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Welcome to the Beyond Blog

As you'd expect from the winners of the Specialized Partner of the Year: Business Analytics at the Oracle UKI Specialized Partner Awards 2014, Beyond work with leading edge BI Applications primarily within the UK Public Sector. We intend to share some of our ideas and discoveries via our blog and hopefully enrich the wider discussion surrounding Oracle Business Intelligence and driving improved insight for customers

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A question that comes up all the time on the OTN Forums is "How do I know who updated this record?". Generally the response is to point the member in the direction of the last_updated_by column on the table. The next question often then comes up... So how do I see what the old value was?". Hmmmm... a little more tricky. We can try to look at flashback query however if the update was more than a few hours ago on a busy OLTP system then the chances are the undo has been cleared out. Sometimes we get lucky and the table holds a date-tracked history (HRMS tables for example). But usually it's just tough luck - once the data has been overwritten, it's gone (without resorting to backups).
So if you have some important tables in your E-Business Suite system that you wish to track changes on such as this, then you might want to consider enabling AuditTrail on those tables. It doesn't require any additional licences and is relatively easy to configure. Rather than just narrating what it does, I'll explain with an example.

Assume we have a concern that somebody might update the definition of a form function in EBS and do things we should be tracking; things like altering the parameters to the form. First we need to know what table(s) the data is being maintained in. There are several ways to do this, however often the easiest it to simply do Help > Record History or Help > Diagnostics > Examine > [SYSTEM|LAST_QUERY] and track the view through to the base table(s). So in our case it is fnd_form_functions.

Form Last Query

In order to use AuditTrail the table needs to be registered with the application. For standard tables this is (generally) done - you can check for the existence of a record in FND_TABLES - however for custom tables you'll need to register the table using ad_dd.register_table and ad_dd.register_column, then register the primary key of the table using ad_dd.register_primary_key and ad_dd.register_primary_key_column. Unfortunately there isn't a screen with update capabilities to do this. What I do for custom tables is use a script which reads the data dictionary for a given table and does all this for me. Anyway, once we have the table registered, we need to enable the owner of that table for auditing. In the System Administrator responsibility, navigate to Security > AuditTrail (all our configuration will be done via this menu path) and select the Install option. For our table, fnd_form_functions, the owner is APPLSYS.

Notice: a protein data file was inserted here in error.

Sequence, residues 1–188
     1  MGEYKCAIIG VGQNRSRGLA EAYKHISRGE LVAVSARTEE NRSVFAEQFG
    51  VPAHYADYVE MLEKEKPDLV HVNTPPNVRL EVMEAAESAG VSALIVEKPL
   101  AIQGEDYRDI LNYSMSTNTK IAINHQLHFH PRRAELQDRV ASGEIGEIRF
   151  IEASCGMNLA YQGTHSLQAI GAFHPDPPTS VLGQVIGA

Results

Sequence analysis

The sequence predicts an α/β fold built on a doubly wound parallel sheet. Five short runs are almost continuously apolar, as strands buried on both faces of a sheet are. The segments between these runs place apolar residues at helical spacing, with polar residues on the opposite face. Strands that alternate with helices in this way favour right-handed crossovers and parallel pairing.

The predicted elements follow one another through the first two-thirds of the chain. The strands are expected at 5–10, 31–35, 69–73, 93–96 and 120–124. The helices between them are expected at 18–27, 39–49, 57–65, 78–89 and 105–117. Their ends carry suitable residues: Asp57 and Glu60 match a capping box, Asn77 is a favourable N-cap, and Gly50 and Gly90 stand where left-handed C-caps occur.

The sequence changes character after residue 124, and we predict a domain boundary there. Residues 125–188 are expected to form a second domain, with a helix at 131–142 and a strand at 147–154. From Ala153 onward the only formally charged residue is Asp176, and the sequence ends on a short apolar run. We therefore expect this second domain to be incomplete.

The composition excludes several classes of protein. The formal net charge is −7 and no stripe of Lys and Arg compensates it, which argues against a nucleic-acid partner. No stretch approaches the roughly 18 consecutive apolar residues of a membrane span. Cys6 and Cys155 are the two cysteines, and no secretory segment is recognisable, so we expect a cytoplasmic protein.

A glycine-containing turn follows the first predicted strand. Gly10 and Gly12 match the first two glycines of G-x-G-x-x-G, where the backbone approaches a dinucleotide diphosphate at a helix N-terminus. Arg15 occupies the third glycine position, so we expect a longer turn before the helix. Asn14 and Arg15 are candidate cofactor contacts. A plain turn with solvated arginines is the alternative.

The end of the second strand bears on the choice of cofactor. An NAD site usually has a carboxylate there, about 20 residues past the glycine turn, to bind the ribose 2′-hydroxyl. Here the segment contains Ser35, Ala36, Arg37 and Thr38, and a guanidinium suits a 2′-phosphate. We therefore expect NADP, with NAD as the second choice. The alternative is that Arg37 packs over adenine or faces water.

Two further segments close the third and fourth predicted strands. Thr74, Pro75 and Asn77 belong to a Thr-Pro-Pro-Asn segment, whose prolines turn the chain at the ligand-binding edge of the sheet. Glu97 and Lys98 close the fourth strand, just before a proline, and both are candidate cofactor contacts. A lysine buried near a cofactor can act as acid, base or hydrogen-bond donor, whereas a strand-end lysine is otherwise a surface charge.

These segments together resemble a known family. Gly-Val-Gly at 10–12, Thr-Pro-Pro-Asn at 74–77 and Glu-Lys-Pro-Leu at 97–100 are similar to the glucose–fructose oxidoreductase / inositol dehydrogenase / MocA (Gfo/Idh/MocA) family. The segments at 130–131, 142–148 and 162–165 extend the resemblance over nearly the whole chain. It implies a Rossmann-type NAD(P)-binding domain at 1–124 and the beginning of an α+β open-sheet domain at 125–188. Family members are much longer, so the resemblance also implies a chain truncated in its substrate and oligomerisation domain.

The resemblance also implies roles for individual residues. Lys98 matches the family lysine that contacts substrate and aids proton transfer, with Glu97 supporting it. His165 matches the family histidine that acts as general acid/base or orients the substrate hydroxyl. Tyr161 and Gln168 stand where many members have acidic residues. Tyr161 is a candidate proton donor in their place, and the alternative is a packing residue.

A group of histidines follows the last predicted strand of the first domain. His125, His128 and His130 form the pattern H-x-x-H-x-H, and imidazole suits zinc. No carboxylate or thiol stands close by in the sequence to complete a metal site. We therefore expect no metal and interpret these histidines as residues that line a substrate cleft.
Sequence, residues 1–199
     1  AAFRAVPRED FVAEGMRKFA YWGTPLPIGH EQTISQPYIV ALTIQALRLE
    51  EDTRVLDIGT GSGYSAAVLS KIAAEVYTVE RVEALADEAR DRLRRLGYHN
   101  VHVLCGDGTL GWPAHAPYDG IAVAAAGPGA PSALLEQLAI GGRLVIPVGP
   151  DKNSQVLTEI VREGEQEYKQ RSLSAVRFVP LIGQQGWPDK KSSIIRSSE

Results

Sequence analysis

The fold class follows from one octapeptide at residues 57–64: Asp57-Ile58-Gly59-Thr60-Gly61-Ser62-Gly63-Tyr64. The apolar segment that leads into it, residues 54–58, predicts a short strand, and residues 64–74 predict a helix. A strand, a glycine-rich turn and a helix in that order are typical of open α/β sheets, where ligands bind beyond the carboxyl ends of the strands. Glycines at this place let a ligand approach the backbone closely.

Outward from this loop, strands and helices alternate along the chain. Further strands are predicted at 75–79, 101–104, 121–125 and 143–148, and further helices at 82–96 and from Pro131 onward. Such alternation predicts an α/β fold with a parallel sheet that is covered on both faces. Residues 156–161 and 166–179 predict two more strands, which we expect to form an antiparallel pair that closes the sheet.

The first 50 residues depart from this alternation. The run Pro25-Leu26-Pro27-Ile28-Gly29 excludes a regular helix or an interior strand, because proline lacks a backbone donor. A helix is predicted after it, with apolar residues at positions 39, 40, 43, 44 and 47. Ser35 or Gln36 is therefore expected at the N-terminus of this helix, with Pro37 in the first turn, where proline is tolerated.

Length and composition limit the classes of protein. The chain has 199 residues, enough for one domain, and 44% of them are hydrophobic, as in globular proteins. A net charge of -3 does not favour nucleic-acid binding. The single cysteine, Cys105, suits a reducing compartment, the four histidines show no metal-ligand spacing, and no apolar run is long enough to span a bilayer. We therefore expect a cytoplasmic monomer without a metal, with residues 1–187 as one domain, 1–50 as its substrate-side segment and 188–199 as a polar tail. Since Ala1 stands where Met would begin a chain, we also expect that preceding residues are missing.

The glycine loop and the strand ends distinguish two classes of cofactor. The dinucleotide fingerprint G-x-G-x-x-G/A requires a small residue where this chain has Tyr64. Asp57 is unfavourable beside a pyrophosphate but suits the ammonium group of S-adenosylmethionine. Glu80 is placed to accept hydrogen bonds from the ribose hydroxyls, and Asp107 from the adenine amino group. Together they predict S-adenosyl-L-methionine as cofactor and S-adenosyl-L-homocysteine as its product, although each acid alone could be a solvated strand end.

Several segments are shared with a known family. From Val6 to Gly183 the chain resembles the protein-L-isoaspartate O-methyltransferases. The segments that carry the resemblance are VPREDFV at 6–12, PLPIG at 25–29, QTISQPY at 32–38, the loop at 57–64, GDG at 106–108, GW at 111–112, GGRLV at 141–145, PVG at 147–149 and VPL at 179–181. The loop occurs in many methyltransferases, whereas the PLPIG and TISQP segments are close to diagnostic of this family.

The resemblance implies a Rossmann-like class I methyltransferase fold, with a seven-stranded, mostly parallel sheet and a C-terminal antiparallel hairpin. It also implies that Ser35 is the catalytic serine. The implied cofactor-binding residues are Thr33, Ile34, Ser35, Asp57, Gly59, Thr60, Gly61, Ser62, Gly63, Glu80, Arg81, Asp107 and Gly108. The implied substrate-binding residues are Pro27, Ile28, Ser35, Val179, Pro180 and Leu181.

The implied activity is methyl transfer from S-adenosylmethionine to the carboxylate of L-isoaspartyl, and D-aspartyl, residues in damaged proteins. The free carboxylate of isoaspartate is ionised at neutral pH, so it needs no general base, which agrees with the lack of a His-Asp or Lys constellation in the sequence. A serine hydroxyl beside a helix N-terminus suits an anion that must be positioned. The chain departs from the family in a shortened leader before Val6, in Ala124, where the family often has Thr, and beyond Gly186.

SQL> Select owner, table_name
  2  From all_tables
  3  Where table_name='FND_TABLES';

OWNER                          TABLE_NAME
------------------------------ ------------------------------
APPLSYS                        FND_TABLES

In my vision instance this user is already enabled.

Enable User for Auditing

Next we need to create an Audit Group - this is a logical grouping of like audited tables. Navigate to the Groups menu option and we'll create that. Note that we have to set the initial status to Enable Requested. This is very important.

Last modified on Continue reading
Tagged in: E-Business Suite
in Technical 81 0
0

Oracle's APEX ships with some great plugins such as D3 Collapsible Treemaps.  The most immediate way to see these is to install the Sample Charts application and have a play with it.

Now it is then fairly striaghtforward to utilise this plug-in in your own APEX applications.  Here I simply exported the plugin from the Sample Chart applications and loaded it into my new application.  I then changed the SQL to drive from my own tables and here we are.  What is appealing about this visualisation is that it shows the number of children under each node before you click to expland.  For example, here I can see that 1200 has 5 children underneath it.

 

I have also used the "Tooltip" funtionality to give me a nice popup description when I "Mouse-over" the node. 

 

 

Also each node can be made as a link that can drill off to show the user further detail, so it does really become quite a useful visualisation that can be used quickly and easily.

The Sample applications that ship with APEX ( and I'm currently using the latest 5.1.1 ) come with quite a few plugins that show off the extensibility of the framework and should give you some ideas on how best to use them, so if you are upgrading from older versions of APEX and making the leap to 5.1 then i'd highly recommend installing  selection of the applications and see what's been shipped there.  Of course this is the release that has finally integrated JET charts and we will cover some of their use and examples such as drilling to detail in a later blog.

 

 

Last modified on Continue reading
Tagged in: APEX APEX 5.1 D3
in Business Intelligence 104 0
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Many clients I have worked for have expressed an interest in a graphical organization chart generated from their E-Business Suite ERP system. Unfortunately the org chart diagrammer in EBS isn't really all that great.

EBS Diagrammer
And the strategic Oracle reporting tools (Business Intelligence etc) are even worse!

It's actually surprisingly difficult to render a tree structure - it can be done purely using lists and CSS, and whilst extremely powerful, it can become difficult to manage for a beginner. So I thought I'd present another option - using Google Charts Organization Chart API (which I suspect is just a wrapper around HTML lists anyway). I will do this for now in Oracle APEX however the principle applies equally to other technologies (I will possibly post follow-ups with OBIEE etc in the future).